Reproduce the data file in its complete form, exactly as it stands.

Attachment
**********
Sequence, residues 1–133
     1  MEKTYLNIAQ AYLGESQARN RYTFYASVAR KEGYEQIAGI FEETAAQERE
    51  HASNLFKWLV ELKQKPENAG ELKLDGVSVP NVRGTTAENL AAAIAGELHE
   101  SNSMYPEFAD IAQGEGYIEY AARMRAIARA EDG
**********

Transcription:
Sequence, residues 1–133
     1  MEKTYLNIAQ AYLGESQARN RYTFYASVAR KEGYEQIAGI FEETAAQERE
    51  HASNLFKWLV ELKQKPENAG ELKLDGVSVP NVRGTTAENL AAAIAGELHE
   101  SNSMYPEFAD IAQGEGYIEY AARMRAIARA EDG